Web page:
There are arguably few things more devastating than watching an animal die suddenly, unexpectedly, and of an unknown cause. One Pennsylvania horse owner had this experience last year and decided she needed to find out what happened. So she reached out to some industry professionals for help.

Kathryn Watts, consultant at and founder of Safergrass.org, first learned of the case when the owner contacted her, asking whether a shipment of straw bedding from a reliable longtime supplier could have been responsible causing her mare’s death.

"The horse developed some problems walking, then was down and unable to rise, and eventually died, gasping for breath," Watts said of the mare’s rapid decline. "When she died, the horse was very swollen through the throatlatch area. And then (the owners) discovered that the horse’s lips were completely filled with ulcers, and there were awns (common in foxtail and other related plants) stuck in her lips.”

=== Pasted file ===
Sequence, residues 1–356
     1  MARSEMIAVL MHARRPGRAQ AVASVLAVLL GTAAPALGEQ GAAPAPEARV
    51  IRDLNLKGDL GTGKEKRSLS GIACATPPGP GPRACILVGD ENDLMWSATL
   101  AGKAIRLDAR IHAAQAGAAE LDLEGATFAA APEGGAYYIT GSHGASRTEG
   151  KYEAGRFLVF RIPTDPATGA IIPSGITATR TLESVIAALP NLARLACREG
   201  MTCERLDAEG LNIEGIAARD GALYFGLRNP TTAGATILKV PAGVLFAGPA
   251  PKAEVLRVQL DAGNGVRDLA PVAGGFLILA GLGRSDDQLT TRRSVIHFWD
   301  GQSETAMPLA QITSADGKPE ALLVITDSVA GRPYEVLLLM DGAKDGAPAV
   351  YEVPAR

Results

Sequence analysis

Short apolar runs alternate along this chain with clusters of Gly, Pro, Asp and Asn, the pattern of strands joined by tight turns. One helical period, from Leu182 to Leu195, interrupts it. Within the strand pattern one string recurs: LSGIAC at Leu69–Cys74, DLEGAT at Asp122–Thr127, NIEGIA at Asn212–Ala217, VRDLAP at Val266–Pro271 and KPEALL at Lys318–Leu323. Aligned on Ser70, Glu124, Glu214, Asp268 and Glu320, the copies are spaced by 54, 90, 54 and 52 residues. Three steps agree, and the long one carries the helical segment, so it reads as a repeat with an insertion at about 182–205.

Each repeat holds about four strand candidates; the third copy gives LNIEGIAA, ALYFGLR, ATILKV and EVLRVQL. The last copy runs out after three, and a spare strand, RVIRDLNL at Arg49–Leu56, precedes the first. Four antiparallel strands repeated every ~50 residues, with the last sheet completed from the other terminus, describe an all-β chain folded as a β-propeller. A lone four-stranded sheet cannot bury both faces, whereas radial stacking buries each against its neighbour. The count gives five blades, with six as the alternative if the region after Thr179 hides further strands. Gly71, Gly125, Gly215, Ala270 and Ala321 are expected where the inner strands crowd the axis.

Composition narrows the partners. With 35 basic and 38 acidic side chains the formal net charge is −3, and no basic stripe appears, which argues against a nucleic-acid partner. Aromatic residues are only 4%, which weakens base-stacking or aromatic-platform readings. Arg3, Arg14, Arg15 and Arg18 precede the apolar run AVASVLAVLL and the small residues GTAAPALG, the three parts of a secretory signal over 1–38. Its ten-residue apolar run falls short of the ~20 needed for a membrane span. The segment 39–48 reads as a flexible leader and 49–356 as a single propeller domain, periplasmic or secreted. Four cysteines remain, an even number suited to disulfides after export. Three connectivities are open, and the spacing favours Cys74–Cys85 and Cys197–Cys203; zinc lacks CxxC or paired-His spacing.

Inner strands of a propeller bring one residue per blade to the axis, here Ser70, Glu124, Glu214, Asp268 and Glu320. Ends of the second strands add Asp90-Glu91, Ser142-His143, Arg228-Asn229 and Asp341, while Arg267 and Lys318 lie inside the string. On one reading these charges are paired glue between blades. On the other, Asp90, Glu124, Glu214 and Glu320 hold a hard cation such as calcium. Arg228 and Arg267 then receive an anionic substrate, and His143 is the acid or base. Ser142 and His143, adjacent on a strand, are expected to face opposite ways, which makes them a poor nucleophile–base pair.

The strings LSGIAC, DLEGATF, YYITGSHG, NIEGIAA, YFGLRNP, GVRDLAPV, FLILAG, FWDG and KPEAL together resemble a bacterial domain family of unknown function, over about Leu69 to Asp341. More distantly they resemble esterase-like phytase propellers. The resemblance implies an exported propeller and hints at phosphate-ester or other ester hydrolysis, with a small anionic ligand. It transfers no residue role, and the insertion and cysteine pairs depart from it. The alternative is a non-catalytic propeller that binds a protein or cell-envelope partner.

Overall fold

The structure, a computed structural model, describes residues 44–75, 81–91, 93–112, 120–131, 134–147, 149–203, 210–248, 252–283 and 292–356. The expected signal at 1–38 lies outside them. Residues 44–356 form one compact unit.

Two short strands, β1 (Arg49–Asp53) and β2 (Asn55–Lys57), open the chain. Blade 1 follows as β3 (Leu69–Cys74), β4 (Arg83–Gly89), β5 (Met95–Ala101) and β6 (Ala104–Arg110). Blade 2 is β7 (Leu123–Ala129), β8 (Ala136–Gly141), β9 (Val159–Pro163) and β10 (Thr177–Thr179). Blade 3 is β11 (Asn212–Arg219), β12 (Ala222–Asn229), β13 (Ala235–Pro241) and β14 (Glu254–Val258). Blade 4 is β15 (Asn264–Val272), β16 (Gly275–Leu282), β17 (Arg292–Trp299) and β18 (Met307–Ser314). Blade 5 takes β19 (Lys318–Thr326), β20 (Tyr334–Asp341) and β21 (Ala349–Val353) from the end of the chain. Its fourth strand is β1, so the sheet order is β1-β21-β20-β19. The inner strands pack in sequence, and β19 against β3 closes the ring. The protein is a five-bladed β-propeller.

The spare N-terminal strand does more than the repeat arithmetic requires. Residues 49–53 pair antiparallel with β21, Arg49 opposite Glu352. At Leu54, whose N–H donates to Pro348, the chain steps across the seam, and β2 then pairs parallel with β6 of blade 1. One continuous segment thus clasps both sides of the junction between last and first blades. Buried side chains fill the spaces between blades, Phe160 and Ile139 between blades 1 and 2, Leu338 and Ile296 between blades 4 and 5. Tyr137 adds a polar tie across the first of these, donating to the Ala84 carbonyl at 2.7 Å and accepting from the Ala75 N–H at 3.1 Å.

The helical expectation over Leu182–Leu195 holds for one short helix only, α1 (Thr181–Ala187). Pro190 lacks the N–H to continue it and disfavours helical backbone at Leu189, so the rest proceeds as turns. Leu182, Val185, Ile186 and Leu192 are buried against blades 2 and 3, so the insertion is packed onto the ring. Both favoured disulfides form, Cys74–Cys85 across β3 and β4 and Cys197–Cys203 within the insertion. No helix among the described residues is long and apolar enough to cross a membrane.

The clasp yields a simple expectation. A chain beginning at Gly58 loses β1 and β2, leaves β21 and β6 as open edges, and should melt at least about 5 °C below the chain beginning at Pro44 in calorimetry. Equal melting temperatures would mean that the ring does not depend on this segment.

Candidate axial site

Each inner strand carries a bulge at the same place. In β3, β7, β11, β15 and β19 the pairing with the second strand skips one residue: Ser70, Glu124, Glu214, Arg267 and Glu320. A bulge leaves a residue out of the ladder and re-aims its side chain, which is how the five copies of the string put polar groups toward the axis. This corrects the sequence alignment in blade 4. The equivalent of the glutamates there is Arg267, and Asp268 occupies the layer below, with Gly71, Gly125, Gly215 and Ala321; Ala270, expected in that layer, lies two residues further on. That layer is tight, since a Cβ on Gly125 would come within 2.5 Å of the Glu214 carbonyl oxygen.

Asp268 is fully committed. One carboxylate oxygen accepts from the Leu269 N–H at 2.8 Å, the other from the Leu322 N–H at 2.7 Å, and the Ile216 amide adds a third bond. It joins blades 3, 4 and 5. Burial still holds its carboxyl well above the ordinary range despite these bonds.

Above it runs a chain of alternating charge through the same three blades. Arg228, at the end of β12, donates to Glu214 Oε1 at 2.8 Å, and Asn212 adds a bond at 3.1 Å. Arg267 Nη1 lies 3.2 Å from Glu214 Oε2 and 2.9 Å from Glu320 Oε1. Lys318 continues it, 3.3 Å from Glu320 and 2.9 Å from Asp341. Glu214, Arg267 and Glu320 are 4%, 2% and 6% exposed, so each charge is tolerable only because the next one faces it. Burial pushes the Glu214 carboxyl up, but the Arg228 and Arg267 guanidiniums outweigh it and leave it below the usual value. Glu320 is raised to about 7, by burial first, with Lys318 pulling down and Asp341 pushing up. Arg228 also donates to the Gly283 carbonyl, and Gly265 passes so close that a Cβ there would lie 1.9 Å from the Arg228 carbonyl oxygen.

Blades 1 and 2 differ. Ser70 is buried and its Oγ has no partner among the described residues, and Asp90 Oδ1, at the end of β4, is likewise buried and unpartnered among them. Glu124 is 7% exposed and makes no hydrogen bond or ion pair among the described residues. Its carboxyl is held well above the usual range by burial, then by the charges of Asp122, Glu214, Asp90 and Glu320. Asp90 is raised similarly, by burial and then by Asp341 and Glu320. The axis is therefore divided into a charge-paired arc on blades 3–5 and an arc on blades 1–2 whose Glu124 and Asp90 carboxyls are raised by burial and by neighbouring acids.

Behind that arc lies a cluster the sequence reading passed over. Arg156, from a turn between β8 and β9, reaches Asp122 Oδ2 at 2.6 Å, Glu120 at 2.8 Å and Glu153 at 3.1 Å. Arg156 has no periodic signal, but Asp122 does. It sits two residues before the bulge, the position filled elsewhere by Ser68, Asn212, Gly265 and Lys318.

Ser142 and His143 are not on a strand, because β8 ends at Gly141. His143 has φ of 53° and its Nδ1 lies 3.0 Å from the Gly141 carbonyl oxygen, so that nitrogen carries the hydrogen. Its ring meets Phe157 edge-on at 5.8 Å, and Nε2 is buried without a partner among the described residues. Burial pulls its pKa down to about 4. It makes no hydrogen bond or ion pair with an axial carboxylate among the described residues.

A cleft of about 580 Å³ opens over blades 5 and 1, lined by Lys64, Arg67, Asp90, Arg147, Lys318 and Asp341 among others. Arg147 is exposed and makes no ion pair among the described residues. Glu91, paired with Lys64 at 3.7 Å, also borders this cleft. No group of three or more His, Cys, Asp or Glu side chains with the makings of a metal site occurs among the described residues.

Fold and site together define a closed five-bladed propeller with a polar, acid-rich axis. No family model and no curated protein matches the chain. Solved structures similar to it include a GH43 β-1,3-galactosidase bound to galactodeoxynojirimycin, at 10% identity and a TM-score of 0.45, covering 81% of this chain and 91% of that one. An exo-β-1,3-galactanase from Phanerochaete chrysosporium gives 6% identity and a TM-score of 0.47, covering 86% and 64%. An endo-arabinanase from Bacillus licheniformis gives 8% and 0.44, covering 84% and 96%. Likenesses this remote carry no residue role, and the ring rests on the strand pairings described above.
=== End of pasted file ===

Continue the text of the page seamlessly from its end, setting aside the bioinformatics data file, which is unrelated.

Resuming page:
The veterinarian, who was on the way to the farm at the time the horse died, wasn’t able to offer the owner very much information about what caused this horse’s death, Watts said. "The owner chose at the time not to have a necropsy, but the more she thought about it, the more she wanted to find out what caused this horse’s death,” she added. “She had a great deal of the straw she’d purchased left, and she started to be concerned for her other horses."

Watts said the owner sent her photos of the straw and shipped samples to Cornell University to have it identified.

"The straw was identified as cereal rye; in other